Few Kansas politicians—or any politicians, for that matter—make headlines as often as former Kansas Secretary of State and 2018 gubernatorial candidate, Kris Kobach. His 2020 campaign for Senator Pat Roberts’ seat continues to generate news coverage across the state, and a development in a case involving his tenure as Secretary of State recently rose to the forefront of election-related news from Kansas. [Read more…] about Judicial Check on Crosscheck?
By Allie Amado
So you want to use an absentee ballot in a Pennsylvania election? Here are a few tips to make it worth your trouble:
- Mail your absentee ballot request at least one week before the election. But I suggest much earlier.
- Once you receive your ballot, take care to mark it according to the instructions.
- Place your ballot in the mail as soon as possible.
- Cross your fingers and hope your ballot reached the county election office before 5 p.m. on the Friday before the election.
By: Richard J. Batzler
As pundits assess the political climate in the lead up to the 2018 midterm elections, special elections provide key insights into electoral trends. Earlier this year, Wisconsin was the site of two State Senate races that buoyed the hopes of those working toward a “blue wave.” But one of these elections almost never took place, as all three branches of state government clashed over whether the Governor had to call special elections in the first place.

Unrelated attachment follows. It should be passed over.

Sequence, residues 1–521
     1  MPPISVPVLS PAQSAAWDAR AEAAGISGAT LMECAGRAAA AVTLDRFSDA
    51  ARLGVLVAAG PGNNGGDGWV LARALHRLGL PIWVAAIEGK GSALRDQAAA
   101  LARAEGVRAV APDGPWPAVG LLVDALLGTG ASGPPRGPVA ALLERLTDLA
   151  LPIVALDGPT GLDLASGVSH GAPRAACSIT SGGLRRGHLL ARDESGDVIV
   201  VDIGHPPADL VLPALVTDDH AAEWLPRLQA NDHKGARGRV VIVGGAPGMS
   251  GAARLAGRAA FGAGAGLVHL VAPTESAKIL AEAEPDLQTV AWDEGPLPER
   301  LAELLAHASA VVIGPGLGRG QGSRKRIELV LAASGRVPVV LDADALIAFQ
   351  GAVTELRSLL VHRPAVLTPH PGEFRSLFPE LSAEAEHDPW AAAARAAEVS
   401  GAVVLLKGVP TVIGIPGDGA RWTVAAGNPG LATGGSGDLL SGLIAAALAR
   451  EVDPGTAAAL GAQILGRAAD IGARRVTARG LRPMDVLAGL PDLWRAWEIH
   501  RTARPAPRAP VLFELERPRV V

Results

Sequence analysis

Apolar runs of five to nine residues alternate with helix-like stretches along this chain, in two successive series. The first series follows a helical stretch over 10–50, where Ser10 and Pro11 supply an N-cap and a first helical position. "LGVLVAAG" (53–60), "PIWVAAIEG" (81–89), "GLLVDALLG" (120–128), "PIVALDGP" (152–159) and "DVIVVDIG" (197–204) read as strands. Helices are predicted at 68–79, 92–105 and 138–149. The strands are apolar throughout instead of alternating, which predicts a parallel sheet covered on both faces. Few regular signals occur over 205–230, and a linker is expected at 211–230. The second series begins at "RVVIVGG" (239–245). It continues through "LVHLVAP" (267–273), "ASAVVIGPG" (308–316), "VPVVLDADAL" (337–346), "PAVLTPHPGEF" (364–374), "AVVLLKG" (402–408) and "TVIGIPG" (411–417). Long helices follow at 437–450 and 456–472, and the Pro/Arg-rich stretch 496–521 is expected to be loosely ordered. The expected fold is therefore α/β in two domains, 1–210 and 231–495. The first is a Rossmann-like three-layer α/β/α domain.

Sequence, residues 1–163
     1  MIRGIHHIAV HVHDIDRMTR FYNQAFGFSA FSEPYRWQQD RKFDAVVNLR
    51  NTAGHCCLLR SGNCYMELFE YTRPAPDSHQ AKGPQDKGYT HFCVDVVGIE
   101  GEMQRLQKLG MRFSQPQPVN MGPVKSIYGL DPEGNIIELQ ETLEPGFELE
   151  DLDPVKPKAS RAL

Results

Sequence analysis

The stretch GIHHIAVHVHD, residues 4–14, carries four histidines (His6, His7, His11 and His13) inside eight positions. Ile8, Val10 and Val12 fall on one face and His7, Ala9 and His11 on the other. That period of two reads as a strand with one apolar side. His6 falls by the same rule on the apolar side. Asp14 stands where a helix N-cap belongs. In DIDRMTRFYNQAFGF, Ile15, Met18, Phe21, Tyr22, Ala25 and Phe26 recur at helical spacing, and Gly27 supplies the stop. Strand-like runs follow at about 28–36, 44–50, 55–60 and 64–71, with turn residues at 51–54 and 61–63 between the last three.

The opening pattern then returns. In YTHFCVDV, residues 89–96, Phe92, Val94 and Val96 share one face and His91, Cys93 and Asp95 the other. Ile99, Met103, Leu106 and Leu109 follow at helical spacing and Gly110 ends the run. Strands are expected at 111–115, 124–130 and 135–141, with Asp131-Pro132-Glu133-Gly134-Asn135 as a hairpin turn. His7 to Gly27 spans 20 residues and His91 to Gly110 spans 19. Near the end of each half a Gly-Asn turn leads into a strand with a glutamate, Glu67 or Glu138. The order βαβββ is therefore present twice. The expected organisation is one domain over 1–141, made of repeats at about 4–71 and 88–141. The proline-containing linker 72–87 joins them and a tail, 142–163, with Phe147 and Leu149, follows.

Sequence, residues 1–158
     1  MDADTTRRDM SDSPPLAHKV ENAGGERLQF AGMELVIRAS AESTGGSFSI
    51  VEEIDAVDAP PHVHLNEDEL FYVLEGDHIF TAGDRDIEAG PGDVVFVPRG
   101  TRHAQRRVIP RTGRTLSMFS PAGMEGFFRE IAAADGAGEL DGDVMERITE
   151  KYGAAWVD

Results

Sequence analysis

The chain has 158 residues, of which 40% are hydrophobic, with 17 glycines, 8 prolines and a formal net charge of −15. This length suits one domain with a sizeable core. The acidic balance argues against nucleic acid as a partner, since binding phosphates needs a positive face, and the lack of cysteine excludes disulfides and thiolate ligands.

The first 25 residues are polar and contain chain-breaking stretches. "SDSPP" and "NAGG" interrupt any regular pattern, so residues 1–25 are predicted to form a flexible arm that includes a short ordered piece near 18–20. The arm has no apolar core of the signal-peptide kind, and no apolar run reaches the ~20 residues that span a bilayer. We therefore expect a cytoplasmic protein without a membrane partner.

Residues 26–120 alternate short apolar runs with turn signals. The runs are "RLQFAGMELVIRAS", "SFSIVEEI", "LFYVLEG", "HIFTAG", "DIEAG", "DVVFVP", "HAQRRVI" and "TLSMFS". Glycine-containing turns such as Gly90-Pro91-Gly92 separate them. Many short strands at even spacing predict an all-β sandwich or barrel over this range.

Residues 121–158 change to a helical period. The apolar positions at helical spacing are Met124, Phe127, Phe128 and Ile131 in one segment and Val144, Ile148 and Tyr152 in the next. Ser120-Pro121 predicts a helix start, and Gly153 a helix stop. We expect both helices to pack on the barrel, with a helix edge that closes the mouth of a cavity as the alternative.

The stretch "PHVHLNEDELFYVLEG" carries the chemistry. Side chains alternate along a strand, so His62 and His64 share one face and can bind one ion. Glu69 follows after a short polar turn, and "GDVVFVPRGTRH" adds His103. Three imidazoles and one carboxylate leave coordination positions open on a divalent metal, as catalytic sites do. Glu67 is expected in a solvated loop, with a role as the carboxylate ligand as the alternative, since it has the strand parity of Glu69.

In these difficult economic times, unemployment in the United States continues to hover around 9%. There is one place that has seemingly avoided the recession completely. In fact, this state is booming with jobs. The state is North Dakota. With new technology being developed in the oil and gas industry, oil reserves in the Bakken Formation once too difficult or expensive to tap are now being drilled at a furious rate. The unemployment rate in North Dakota is now around 3.5% as the state tries to keep pace with growth. Although North Dakota’s population grew only a modest 4.7% from 2000-2010 (compared with a nationwide average of 9.7%), the oil boom is a recent phenomenon, and the true population effects are still unknown. In Williston, North Dakota, a town at the heart of the oil boom, the population grew 17.6% (to 14,716) during the same time period. Since the census, the population of Williston is now estimated to be around 20,000, a 60% increase since 2000. This population growth could have a major impact in the upcoming election in 2012.
With longtime incumbent Kent Conrad (D) set to retire, the seat will be open for the first time since 1987. When Conrad announced his retirement in January, most political commentators viewed this as a likely win for the Republicans. Although North Dakota has had at least one Democratic senator in office since 1982, North Dakotans are generally conservative, do not support President Obama (his approval rating is in the 30’s), and lean Republican. However, the influx of new citizens has given the Democrats hope in the upcoming elections. [Read more…] about North Dakota’s new voters